In addition to his legal career, Macrossan was deeply involved in his community. He was a founding member of the Redcliffe Historical Society, and served as the inaugural President of the Redcliffe Rotary Club. He was also involved in many charitable organizations, and was known for his philanthropy and generosity towards those less fortunate.
Macrossan's legacy continues to be felt in the legal profession and in his community. He was widely respected for his legal expertise and his commitment to justice, and his contributions to the development of law in Australia are still recognized today.
Macrossan was married to Florence Agnes Balfour, who was also involved in community work as a member of the Queensland Women's Electoral League. The couple had four children together. Macrossan's dedication to public service was further displayed when he enlisted to serve in the Australian Imperial Force during WWI, serving in France and Belgium as a captain in the 41st Battalion. He was awarded the Distinguished Service Order for his bravery during the war. Macrossan's contributions to Australian law also include his role as a member of the drafting committee that helped create the Commonwealth of Australia Constitution Act, which established the Australian Federation in 1901. Today, his name is commemorated through various institutions and awards named in his honor, including the Hugh Denis Macrossan Chambers at the Supreme Court of Queensland and the Macrossan Medal for Advocacy awarded by the Bar Association of Queensland.
Macrossan was known for his strong sense of justice and integrity, and his commitment to philanthropy and community service. He was a staunch supporter of women's suffrage and equal rights, and was involved in various campaigns to promote social justice and equality. Macrossan was deeply committed to education, and supported the establishment of the University of Queensland, serving as its first chancellor from 1938 until his death. He also played a key role in the establishment of the Queensland Law Society, and was instrumental in introducing various reforms to the legal profession in Australia. In recognition of his contributions to the legal profession, Macrossan was appointed a Companion of the Order of St. Michael and St. George in 1935. His legacy as a trailblazer in Australian law and a champion of justice and equality continues to inspire future generations.
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Percival Penman (January 23, 1885 Ultimo-September 11, 1944 Wahroonga) was an Australian personality.
He was a renowned architect, landscape designer, and artist. Penman was born in Ultimo, New South Wales, and studied architecture at the University of Sydney. He later worked as an architect in Sydney and established his own firm, Penman and Rutter. Penman was also a talented artist and illustrator, and his artwork was regularly featured in publications such as The Sydney Mail and The Bulletin.
In addition to his architectural work, Penman became well known for his landscape design, creating beautiful gardens and parklands across Australia. His most famous design was the Royal Botanic Garden in Sydney, which he redesigned in 1930. Penman also wrote extensively on the subject of landscape design and was a vocal advocate for creating beautiful, functional outdoor spaces for the public to enjoy.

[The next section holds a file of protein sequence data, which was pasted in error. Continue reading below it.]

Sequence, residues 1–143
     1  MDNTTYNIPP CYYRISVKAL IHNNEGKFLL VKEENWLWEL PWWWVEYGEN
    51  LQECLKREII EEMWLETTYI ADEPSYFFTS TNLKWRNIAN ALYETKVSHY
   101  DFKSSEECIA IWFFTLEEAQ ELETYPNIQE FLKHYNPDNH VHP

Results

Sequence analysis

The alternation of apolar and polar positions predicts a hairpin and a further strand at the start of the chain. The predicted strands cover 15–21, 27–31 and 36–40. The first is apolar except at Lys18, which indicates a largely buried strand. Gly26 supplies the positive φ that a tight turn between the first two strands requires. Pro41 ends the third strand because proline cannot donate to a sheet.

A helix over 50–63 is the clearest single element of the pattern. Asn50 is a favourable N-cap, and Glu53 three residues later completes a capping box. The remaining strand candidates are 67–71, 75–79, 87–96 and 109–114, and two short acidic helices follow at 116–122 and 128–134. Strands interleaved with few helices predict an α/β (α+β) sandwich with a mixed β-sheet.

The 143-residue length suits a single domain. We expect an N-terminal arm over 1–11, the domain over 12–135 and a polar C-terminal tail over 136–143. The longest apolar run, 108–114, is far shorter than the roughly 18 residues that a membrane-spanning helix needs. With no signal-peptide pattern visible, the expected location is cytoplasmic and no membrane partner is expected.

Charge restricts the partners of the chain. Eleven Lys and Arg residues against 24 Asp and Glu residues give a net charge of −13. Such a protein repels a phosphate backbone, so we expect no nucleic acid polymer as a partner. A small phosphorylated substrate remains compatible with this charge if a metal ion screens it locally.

Outside of his professional work, Penman was an active member of the Australian arts community and was involved in various organizations, including the Royal Australian Institute of Architects and The Society of Artists. He passed away in 1944 in Wahroonga, New South Wales, but his legacy as an influential Australian architect, artist, and advocate for public spaces lives on.
Throughout his career, Percival Penman won many awards for his designs and was highly regarded for his contributions to the field of architecture and landscape design in Australia. His work was characterized by a deep respect for the natural environment and a belief that architecture and outdoor spaces should be in harmony with their surroundings. Penman was a pioneer in the use of native Australian plants and materials in his designs, which helped to create a uniquely Australian aesthetic.
Penman was also a passionate advocate for the arts and education. He believed that the arts were essential to a well-rounded education and worked tirelessly to promote arts education in schools throughout Australia. He was a founding member of the Board of Control for the National Art School in Sydney and served as its chairman for many years.
Today, Percival Penman is remembered as one of Australia's most influential architects and landscape designers. His contributions to the field continue to inspire a new generation of designers and architects, and his legacy is celebrated by the many parks, gardens, and public spaces he designed across the country.
In addition to his love for art and design, Percival Penman was also passionate about sports. He was an accomplished athlete and played rugby for the University of Sydney during his student years. He was also an avid golfer and a member of several golf clubs across the country. Penman's interest in sports extended beyond playing; he was actively involved in the administration of various sports organizations and advocated for the value of sports in promoting a healthy and active lifestyle.
Penman's contributions to Australian art and design have been widely recognized, and he has been posthumously honored with several awards, including the Royal Australian Institute of Architects' Gold Medal in 1949. In 2018, the University of Sydney established the Percival Penman Scholarship, which supports the study of landscape architecture and encourages students to incorporate sustainable and environmentally conscious design principles into their work.
Penman's legacy also extends to his family; his son, Robert, followed in his father's footsteps and became a successful architect in his own right. Today, the Penman name continues to be associated with creativity, innovation, and a deep respect for the natural world.